• Commitment

While the process’s of :

  • push yourself constantly to greater heights

and

  • enjoy your life and what it has to offer

seem to be in contention with each other, they are in fact complimentary. I share:

  • that it IS possible to push ourselves and be able to have fun.
  • that there is validity in both driving action and reflectively letting it all sink in.
  • that to not take ourselves so seriously provides the humility necessary for giant leaps in our evolution.

 

More?! Wow. Hey, if you’re still here, you got it. Here’s some of the more official bio stuff:

My background encompasses a variety of experiences and disciplines all leading to being here now, assisting people worldwide to spark and re-invigorate their personal life evolution.

Growing up in the Northwest Territories was one of the most incredible experiences of my life. But that didn’t mean it was easy (the most rewarding experiences never are). I grew up, in a small, isolated Native community of 750 people (with a one year stint in the Eastern Arctic) until I was 14 years old with my parents and 3 younger sisters. It established within me an irrepressible belief that each and every one of us is an incredible human being. That our capacities to create the very best for our lives and contribute to the world around us, are beyond what we can even comprehend. And it helped me recognize, and see for what it is, the “fog” that keeps us from it, with tools and fortitude to traverse the unknown.

I then went on to high school further south, having been accepted into the Western Arctic Leadership Program (WALP). There, the reprieve from the intensity of my time growing up came as a bit of a surprise. I had access to so much I never had before and I ate it up with an insatiable appetite. On top of all the extracurricular programs we took part in with WALP, I was in nearly every sport offered. Hockey, soccer, volleyball, track and field, cross-country running, including Tae Kwon Do. I started weight lifting and training at this time as well. During the summers I worked as a camp counsellor for kids aged 2-14.

After graduating High school, I moved to the Northeast of Thailand for a year and a half, teaching english at an elementary school. With responsibilities ranging from curriculum development, overseas volunteer coordinator, extra-curricular youth activity initiatives, school promotions (and of course spending an hour at the end of everyday in the nursery singing songs and reading stories to the wee ones) in a total immersion environment (I was one of the only foreigners, let alone english speakers in the community), an ability to bridge for others the unknown to the known became significantly strengthened.

Upon my return to Canada, I attended college for an Environmental studies program (in the Northwest Territories, and which had international recognition for the top quality natural resource technicians it produced). After completing the program I became a Conservation Officer. Growing up in the Arctic and having built a strong relationship with nature, law enforcement for regulation and protection of wildlife and the environment was right up my alley.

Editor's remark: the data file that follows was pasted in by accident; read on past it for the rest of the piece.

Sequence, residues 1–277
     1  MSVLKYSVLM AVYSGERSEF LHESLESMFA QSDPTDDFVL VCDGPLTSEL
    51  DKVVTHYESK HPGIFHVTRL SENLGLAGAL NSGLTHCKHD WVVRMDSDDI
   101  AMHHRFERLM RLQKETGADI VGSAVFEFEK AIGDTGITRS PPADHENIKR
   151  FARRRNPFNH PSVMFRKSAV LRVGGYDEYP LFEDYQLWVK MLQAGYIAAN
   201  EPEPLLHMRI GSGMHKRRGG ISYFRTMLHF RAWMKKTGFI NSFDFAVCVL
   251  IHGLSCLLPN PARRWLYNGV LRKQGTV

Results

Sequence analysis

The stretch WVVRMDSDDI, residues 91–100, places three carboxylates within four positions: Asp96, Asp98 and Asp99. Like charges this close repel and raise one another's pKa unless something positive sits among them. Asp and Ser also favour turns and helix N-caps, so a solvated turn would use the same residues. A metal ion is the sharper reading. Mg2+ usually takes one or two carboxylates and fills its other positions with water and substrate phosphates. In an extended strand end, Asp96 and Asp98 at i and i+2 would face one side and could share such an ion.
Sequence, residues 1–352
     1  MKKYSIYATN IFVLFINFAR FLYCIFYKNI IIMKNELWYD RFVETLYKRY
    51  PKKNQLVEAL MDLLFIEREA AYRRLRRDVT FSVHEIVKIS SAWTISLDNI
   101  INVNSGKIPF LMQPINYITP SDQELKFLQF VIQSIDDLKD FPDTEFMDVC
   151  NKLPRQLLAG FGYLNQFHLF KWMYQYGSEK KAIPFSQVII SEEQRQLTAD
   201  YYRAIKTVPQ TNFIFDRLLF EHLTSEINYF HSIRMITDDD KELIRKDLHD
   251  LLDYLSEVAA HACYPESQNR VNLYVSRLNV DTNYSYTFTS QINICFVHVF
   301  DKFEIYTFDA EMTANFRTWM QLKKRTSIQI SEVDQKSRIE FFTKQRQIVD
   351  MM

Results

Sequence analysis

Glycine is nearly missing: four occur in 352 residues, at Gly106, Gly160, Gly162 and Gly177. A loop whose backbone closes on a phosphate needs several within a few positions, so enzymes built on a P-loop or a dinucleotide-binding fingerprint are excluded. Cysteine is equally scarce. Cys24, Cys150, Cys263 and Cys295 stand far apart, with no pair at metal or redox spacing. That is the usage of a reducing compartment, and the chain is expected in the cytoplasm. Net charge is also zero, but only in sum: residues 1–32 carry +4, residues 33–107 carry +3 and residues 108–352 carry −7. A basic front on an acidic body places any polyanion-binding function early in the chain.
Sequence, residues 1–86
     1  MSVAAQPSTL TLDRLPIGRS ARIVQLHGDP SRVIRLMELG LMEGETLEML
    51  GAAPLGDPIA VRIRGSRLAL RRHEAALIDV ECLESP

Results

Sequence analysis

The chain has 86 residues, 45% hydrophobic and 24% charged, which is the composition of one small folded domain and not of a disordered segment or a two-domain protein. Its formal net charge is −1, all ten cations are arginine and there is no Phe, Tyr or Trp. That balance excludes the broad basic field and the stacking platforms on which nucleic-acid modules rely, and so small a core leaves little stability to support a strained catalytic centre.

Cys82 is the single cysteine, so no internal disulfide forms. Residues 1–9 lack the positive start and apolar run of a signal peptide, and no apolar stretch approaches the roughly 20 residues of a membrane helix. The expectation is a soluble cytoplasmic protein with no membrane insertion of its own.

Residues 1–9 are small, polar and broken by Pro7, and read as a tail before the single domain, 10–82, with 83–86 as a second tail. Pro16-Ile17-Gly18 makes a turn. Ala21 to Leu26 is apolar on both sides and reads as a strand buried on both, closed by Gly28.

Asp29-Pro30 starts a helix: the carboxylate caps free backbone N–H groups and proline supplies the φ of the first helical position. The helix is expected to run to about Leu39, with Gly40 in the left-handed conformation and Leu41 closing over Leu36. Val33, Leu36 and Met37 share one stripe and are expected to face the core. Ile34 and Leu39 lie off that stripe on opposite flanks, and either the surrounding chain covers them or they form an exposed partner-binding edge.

I eventually decided to go back to University for my degree in marine biology and pursue a more specific role through working with the ocean. This landed me in Vancouver, BC. I’d also passed my requirements to enter the Canadian Naval Reserves, with qualifying scores to becoming a Port Inspection Diver (which was the intention of signing up). With 2 weeks prior to shipping off to bootcamp, I blew my knee out playing in a soccer tournament, tearing my ACL. This would put bootcamp off for a little over a year, having me enter for the winter session, which was said to be harder….and much colder. I’ll admit, I got a little excited at the prospect. Something about growing up in the Arctic hard-wired a particular switch in me. When it gets cold and difficult, I get giddy.

But bootcamp never came. While in my first semester at school, I was struck by a powerful notion. I didn’t want to be in school. Strange, after all the time and energy I put in over the last year and a half to getting to University. Especially when it wasn’t coming from anyone else. I had felt driven to be there. Alas, I wasn’t going to force myself through school for the next 4-5 years, if in the end it turned out it wasn’t what I was supposed to be doing.

Side note: I’ve long since accepted that I’m a very intuitive beast. I can plan, strategize, execute lines of action, push hard to see through to my goals, etc., but when it’s all said and done, that internal guiding force, has final say. Mastering my ability to read and act upon the “nudges” is one of my priorities, seeing as it’s never failed me once.

So I finished out the semester as I reflected upon what my next course of action would be. It only made perfect sense that I would become….. an actor! Right? Well it came at me out of left field, too (my bride to be was a little shocked, but supported me every step of the way. This is part of what makes Juliet such an amazing woman). But as I said before, it’s never failed me.